Afghanistan: New policy a lifeline to more than half a million internally displaced
|Publication Date||10 February 2014|
|Cite as||Amnesty International, Afghanistan: New policy a lifeline to more than half a million internally displaced, 10 February 2014, available at: http://www.refworld.org/docid/52f9dec14.html [accessed 19 November 2017]|
|Disclaimer||This is not a UNHCR publication. UNHCR is not responsible for, nor does it necessarily endorse, its content. Any views expressed are solely those of the author or publisher and do not necessarily reflect those of UNHCR, the United Nations or its Member States.|
Afghanistan's new policy to help more than 600,000 internally displaced people, many of whom live on the brink of starvation and in cramped makeshift dwellings, is a milestone, said Amnesty International. However, the organization warns that it will only succeed with sustained political and financial backing.
The Afghan government is expected to launch on 11 February its new national policy aimed at meeting the urgent human rights and humanitarian needs of the internally displaced persons (IDPs), more than 100,000 of whom have fled conflict in 2013 alone.
"Increased protection for Afghanistan's displaced, many of whom live in desperate conditions, has been a long time coming. We applaud the government for finally pushing this crucial policy through," said Horia Mosadiq, Amnesty International's Afghanistan Researcher.
"The IDP policy could go a long way to improving the lives of more than half a million displaced persons but it needs sustained political backing and funds. This has to be more than just a promise on paper - we'll be watching to see how much the government actually achieves over the next year."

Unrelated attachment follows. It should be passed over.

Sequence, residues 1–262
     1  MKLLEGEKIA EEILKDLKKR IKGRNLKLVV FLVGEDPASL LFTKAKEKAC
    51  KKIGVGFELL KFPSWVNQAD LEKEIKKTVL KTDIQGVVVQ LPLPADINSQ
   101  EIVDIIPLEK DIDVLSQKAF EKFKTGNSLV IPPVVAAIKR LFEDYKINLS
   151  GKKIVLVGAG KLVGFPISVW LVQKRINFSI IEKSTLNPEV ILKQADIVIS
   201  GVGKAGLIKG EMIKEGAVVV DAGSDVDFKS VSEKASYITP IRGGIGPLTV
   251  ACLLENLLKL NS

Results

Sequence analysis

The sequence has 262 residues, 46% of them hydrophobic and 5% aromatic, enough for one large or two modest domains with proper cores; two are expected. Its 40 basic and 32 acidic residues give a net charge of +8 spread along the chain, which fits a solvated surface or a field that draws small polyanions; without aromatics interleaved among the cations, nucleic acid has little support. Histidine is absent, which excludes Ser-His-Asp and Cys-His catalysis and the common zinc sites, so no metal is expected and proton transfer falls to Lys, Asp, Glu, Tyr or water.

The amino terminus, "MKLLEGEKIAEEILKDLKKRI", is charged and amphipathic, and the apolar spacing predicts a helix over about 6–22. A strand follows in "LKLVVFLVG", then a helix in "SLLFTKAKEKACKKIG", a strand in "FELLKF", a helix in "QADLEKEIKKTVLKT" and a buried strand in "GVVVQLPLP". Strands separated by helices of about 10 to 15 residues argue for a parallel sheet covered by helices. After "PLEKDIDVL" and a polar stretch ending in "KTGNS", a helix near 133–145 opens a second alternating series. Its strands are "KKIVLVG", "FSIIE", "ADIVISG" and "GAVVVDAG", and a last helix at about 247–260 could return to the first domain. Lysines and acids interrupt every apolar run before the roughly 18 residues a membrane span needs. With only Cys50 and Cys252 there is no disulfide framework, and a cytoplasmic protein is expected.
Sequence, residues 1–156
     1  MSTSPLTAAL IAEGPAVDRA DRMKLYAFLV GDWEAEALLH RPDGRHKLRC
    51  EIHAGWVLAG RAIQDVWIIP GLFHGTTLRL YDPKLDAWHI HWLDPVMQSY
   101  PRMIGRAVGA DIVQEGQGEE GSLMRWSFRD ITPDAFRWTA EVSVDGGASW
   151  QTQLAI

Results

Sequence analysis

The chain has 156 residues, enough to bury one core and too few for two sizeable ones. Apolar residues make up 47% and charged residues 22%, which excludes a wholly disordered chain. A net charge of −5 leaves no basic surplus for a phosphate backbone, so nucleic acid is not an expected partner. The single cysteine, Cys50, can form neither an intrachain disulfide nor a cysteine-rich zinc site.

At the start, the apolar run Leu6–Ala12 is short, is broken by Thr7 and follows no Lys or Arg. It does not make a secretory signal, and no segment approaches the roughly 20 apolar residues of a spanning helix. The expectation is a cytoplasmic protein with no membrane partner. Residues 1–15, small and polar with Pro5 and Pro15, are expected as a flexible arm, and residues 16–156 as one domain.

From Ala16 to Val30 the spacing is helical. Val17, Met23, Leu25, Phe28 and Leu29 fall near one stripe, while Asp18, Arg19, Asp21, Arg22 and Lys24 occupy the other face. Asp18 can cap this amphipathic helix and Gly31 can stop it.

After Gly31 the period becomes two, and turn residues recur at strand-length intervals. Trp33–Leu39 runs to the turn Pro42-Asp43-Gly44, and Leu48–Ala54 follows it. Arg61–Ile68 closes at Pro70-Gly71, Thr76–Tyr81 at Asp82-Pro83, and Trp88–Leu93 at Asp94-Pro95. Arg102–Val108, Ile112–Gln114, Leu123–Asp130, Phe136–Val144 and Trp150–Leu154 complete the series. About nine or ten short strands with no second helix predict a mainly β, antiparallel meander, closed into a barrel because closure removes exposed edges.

The IDP policy, drafted by the Ministry of Refugees and Repatriation with UN assistance, has been several years in the making. It contains many innovative measures that could dramatically improve the lives of displaced Afghans, in particular women, children and the elderly.
This includes helping IDPs integrate within new communities and protecting them against forced evictions from their new homes. The policy crucially also recognizes IDPs as defined under international law, which should result in hundreds of thousands more having access to much-needed assistance.
"We're delighted that many of our recommendations have been taken on board," said Horia Mosadiq.
"For this IDP policy to have any real chance of success, however, effective coordination between the government, NGOs, international agencies and donors is vital. Those who have been forced to flee their homes deserve better than continuing misery and dire poverty."
Amnesty International is also calling for independent oversight of the policy's implementation, including public reporting on continuing challenges.